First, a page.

Aurora Avenue N

What is now Aurora Avenue N began in 1888 as Aurora Street in Denny & Hoyt’s Addition to the City of Seattle, Washington Territory, previously discussed in our post on Dravus Street. Edward Blewett and his wife, Carrie, of Fremont, Nebraska, were the landowners, and Edward Corliss Kilbourne (1856–1959) filed the plat as attorney-in-fact for the Blewetts. Dr. Kilbourne (a dentist), was from Aurora, Illinois, and it seems to be generally accepted (The Fremocentrist, Wedgwood in Seattle History, Fremont Neighborhood Council, Pig-Tail Days in Old Seattle) that he named the street after his hometown.

(I have seen elsewhere [HistoryLinkWashington’s Pacific Highway], that Aurora was given its name sometime in the early 20th century by George F. Cotterill, mayor of Seattle from 1912–1914, because it was “the highway to the north, toward the aurora borealis,” but they have the century wrong, and Aurora Street was no highway in 1888. In addition, those two pages call him “city engineer, later mayor,” but he was never city engineer — although he was assistant city engineer from 1892–1900. The Licton Springs Community Council mentions both theories.)

At any rate, Ordinance 6947, filed on June 6, 1901, refers to the street as Aurora Street, and Ordinance 7942, filed on November 5 of that year, refers to it as Aurora Avenue. I can find no specific record of the name change, but Ordinance 6864, filed on May 8, has to do with “altering, defining and establishing the names of streets in the City of Seattle in the portion thereof lying north of Lake Union, Salmon Bay and the route of the Lake Washington Canal,” and is likely responsible. (No text is available online for the ordinance, and the drafters of Ordinance 6947 must have neglected to take the change into account.)

Aurora Avenue N might have remained just another North Seattle street were it not for the decision to route the Pacific Highway, U.S. Route 99, across the Lake Washington Ship Canal there instead of Stone Way N, Albion Place N, Whitman Avenue N, or Linden Avenue N. As it happened, Aurora was chosen as the location for the crossing (known today as the Aurora Bridge), and the name was officially extended through Queen Anne to Downtown Seattle in 1930 in preparation for the bridge’s opening in 1932.

Lake Union, Lake Washington Ship Canal, the Fremont Bridge, and the George Washington Memorial Bridge (Aurora Bridge), Seattle, Washington, circa 1932, from https://flickr.com/photos/uw_digital_images/4860576629/
Postcard of Lake Union, Lake Washington Ship Canal, the Fremont Bridge, and the George Washington Memorial Bridge (Aurora Bridge), circa 1932. View looks southeast, with Fremont in foreground. Public domain image from University of Washington Libraries Digital Collections.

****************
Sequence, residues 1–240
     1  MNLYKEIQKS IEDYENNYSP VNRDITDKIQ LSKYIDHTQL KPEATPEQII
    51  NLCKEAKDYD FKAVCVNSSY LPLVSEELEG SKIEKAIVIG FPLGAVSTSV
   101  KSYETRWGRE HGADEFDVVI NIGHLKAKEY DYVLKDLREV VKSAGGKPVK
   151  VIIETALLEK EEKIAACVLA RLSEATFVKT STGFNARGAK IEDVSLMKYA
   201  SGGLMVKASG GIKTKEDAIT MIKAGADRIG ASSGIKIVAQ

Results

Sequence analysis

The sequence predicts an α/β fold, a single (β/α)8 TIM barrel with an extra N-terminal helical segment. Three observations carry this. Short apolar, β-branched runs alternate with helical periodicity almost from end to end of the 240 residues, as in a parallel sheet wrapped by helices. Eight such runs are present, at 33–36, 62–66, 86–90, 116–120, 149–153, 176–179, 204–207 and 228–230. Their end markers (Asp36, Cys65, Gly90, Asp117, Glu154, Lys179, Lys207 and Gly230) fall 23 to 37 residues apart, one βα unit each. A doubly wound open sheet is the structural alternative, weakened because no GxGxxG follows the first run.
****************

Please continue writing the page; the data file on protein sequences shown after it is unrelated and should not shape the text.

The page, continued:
Aurora Bridge, 2011, from https://flickr.com/photos/mlinksva/5996553637/, public domain
Aurora Bridge, 2011. View looks east, with Gas Works Park and Wallingford neighborhood at center, Lake Union and Capitol Hill at right. Public domain photo by Flickr user Mike Linksvayer.

Today, Aurora Avenue N begins at 7th Avenue N and Harrison Street by the north portal of the State Route 99 Tunnel and goes 7⅘ miles north to the city limits; the name continues 3 further miles to the King–Snohomish county line, and the highway another 12 miles beyond that to Broadway in Everett. A block-long segment from 6th Avenue and Battery Street to Denny Way has been renamed Borealis Avenue, and Aurora between Denny Way and Harrison Street is once again 7th Avenue N. A two-block-long segment underneath the north approach to the Aurora Bridge has also been changed to Troll Avenue N.

Fairview Avenue N

Fairview Avenue is one of a handful in the city that changes directional designations twice along a continuous stretch. The street begins in the south at Virginia Street as Fairview Avenue, but becomes Fairview Avenue N a block and a half to the north as it crosses Denny Way, and a mile north and east of that becomes Fairview Avenue E at E Galer Street and Eastlake Avenue E. It continues to E Roanoke Street, two miles from its origin, where it is interrupted by the Mallard Cove houseboat community. Picking up a block to the north, it then runs half a mile from E Hamlin Street to Fuhrman Avenue E and Eastlake Avenue E, just south of the University Bridge.

Originally Lake Street in Rezin and Margaret Pontius’s 1875 plat of the Fairview Homestead Association for the Benefit of Mechanics and Laborers, it received its current name during the Great Renaming of 1895. (Before 1875, it had been known as Prohibition Street.)

The Fairview Homestead Association, according to Paul Dorpat, was intended to “help working families stop paying rents and start investing in their own homes. Innovative installment payments made the lots affordable and many of the homes were built by those who lived in them.”

I assume Fairview took its name from the view of Lake Union and what is now Wallingford that is still barely visible today from what is now the Cascade neighborhood.

1931 view looking north toward Lake Union along Fairview Avenue N, Courtesy of the Seattle Municipal Archives, Identifier 5265
Looking north toward Lake Union and Wallingford from Fairview Avenue N and John Street, 1931. The Seattle Times Building is at the left. Courtesy of the Seattle Municipal Archives, Identifier 5265